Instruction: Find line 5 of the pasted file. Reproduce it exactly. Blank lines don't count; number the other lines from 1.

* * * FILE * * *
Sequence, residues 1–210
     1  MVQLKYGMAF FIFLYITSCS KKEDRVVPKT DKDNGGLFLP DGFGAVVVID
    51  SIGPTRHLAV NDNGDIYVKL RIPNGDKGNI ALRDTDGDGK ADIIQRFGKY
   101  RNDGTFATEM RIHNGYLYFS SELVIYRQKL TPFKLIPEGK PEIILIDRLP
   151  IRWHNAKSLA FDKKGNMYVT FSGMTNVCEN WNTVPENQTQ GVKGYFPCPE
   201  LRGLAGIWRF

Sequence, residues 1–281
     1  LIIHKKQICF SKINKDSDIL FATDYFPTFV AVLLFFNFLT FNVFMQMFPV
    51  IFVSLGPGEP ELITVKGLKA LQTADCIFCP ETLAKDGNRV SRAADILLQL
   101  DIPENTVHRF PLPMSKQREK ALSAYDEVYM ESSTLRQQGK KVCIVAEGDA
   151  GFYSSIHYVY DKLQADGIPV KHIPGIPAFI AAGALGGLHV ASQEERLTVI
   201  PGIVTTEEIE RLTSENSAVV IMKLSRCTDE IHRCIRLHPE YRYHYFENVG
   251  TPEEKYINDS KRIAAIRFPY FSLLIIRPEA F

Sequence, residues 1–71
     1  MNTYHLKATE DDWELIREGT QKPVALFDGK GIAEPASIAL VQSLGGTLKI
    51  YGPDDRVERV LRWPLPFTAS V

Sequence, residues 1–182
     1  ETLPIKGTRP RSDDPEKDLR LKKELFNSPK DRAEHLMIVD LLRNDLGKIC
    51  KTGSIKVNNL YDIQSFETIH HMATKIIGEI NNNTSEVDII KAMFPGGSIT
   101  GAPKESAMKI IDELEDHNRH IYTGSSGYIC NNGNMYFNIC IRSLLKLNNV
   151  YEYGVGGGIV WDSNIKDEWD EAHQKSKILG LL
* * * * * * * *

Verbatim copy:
   151  IRWHNAKSLA FDKKGNMYVT FSGMTNVCEN WNTVPENQTQ GVKGYFPCPE